“So [Obama] appointed the right people, but then he didn’t really let them move forward on this issue. He says the right things sometimes, but then appears to retreat from them.” — Michael Mann on Barack Obama’s policy on climate change
In a recent interview with the Huffington Post, Michael E. Mann, author of The Hockey Stick and the Climate Wars: Dispatches from the Front Lines, discussed Barack Obama’s disappointing record on global warming.
Increasingly, Mann argues, climate change has taken backseat in Obama’s speeches and his statements and policies reflect a step back on this issue relative to those of Bill Clinton. In discussing Obama’s appointees on energy and the environment, Mann suggests that Obama has not taken full advantage of their abilities to offer a bold plan:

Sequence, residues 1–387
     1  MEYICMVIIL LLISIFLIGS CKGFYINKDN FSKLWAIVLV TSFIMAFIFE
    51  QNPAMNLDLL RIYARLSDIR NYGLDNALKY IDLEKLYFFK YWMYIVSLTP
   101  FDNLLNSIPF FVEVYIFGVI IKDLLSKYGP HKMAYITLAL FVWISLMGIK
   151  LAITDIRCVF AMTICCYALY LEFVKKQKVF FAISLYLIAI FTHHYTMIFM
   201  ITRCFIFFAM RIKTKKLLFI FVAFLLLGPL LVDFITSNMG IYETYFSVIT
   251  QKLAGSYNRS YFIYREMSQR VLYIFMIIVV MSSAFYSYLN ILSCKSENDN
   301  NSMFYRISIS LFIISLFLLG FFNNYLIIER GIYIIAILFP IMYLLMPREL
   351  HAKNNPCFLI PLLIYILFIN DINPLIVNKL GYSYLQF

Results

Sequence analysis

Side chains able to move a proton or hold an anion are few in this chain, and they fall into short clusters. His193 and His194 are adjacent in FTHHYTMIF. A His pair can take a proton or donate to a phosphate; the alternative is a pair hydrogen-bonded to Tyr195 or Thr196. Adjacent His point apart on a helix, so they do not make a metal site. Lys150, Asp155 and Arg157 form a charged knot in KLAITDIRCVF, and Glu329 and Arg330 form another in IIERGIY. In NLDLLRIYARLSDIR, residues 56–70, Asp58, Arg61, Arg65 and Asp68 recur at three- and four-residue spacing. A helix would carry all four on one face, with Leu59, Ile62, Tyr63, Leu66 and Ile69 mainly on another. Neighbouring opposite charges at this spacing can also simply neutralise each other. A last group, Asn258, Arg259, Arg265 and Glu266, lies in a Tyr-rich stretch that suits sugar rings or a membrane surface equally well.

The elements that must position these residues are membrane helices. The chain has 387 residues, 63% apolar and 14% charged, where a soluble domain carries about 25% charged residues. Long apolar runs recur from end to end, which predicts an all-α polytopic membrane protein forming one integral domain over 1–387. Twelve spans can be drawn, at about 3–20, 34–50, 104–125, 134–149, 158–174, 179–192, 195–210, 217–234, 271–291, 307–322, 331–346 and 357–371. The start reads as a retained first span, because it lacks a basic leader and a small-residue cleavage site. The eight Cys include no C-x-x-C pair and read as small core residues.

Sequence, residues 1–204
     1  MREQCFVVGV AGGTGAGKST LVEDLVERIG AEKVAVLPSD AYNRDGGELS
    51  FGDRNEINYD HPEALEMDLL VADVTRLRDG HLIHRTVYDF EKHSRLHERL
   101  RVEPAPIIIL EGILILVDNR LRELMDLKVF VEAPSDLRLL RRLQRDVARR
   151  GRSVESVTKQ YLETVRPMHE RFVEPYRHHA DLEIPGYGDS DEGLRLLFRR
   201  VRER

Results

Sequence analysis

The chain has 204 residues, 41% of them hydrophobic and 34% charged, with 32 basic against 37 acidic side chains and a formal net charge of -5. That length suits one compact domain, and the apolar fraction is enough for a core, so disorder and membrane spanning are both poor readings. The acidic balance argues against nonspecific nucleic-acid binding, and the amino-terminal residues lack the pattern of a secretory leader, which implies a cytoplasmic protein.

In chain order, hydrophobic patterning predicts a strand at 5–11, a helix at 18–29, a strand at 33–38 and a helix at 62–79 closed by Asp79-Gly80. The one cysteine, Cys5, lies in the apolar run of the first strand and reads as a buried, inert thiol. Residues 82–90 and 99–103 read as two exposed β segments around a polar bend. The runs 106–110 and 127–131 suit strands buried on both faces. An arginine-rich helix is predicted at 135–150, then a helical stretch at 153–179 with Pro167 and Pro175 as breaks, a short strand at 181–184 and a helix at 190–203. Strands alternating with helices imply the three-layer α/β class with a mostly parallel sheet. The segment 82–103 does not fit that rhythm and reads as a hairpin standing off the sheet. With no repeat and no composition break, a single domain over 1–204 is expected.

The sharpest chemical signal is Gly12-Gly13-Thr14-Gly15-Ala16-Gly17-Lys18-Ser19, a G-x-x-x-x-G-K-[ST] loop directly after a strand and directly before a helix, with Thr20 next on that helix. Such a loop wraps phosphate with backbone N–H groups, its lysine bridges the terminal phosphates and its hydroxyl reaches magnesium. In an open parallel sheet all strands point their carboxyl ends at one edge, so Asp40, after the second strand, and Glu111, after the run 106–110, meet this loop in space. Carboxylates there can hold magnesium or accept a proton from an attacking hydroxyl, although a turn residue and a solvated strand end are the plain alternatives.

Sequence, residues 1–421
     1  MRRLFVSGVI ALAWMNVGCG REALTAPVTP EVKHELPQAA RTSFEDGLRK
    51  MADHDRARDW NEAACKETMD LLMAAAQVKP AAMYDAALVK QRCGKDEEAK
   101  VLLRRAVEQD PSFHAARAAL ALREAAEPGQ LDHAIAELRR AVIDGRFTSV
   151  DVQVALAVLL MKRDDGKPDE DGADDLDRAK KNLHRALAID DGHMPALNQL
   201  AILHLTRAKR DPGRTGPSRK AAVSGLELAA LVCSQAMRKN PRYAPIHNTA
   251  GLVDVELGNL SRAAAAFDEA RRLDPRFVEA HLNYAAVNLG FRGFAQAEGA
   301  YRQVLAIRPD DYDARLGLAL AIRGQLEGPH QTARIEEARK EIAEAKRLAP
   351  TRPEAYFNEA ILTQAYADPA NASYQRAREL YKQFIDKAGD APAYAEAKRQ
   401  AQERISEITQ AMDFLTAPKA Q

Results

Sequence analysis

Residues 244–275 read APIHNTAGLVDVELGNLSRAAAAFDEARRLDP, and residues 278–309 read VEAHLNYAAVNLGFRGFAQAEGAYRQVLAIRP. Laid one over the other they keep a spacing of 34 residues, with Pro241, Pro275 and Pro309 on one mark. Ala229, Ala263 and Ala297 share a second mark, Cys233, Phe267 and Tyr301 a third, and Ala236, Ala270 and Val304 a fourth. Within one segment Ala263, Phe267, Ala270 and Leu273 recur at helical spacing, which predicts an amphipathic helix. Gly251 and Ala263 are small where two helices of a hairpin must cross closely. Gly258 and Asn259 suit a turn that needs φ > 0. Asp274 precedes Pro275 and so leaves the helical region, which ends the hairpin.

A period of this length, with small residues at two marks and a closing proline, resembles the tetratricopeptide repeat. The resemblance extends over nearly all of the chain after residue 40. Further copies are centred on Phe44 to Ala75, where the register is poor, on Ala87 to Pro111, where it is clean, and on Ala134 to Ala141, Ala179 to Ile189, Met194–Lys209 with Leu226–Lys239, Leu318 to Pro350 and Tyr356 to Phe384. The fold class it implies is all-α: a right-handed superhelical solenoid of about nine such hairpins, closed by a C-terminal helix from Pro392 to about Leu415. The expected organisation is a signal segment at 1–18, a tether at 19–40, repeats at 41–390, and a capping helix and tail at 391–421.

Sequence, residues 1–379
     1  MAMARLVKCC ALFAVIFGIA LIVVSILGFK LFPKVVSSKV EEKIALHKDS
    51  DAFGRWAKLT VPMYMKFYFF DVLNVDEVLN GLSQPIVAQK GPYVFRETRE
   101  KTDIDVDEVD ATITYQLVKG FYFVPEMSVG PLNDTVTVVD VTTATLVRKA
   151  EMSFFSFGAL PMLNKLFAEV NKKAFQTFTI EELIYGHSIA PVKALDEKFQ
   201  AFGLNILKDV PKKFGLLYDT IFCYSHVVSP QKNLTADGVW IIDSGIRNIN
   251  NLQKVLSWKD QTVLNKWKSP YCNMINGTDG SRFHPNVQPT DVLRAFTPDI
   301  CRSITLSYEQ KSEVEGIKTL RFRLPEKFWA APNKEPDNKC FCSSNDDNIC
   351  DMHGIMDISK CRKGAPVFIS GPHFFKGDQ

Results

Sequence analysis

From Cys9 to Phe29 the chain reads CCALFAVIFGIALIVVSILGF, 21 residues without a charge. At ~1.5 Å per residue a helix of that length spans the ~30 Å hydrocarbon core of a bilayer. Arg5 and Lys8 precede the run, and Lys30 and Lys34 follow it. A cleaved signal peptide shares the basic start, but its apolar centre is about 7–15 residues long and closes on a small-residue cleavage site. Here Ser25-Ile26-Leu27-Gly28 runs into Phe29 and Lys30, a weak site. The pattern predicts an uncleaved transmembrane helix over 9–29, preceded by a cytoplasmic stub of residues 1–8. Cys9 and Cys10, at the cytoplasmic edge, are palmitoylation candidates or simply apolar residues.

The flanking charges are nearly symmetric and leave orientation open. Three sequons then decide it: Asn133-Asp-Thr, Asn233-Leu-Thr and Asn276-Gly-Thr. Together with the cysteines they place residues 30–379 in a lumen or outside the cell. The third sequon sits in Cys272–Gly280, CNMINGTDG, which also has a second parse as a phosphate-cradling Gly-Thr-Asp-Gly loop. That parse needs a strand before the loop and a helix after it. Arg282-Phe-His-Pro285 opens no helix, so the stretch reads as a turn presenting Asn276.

It’s like [Obama] had this all-star basketball team, but he wouldn’t let them go out on the floor and play. With the exception maybe of [Steven] Chu, who’s been out there talking about these issues, they all seem to have been on a very short leash in terms of speaking up publicly about the energy challenge and the need to deal with climate change.
I know that they all have very enlightened view on this because I know some of them and I know what they’ve written and where they’ve stood on this issue for some time. So he appointed the right people, but then he didn’t really let them move forward on this issue. He says the right things sometimes, but then appears to retreat from them. The bottom line is that at the very least he appears conflicted between where his own heart is -– my guess is that his own heart is with moving forward and dealing with the problem of climate change — and his instincts as a politician.
The interview concludes with Mann discussing how his extensive book tour for The Hockey Stick and the Climate Wars reflects the difficulty to get people to focus on climate change and global warming. He also talks about the intimidation that some scientists experience from climate change deniers when they express concerns about global warming.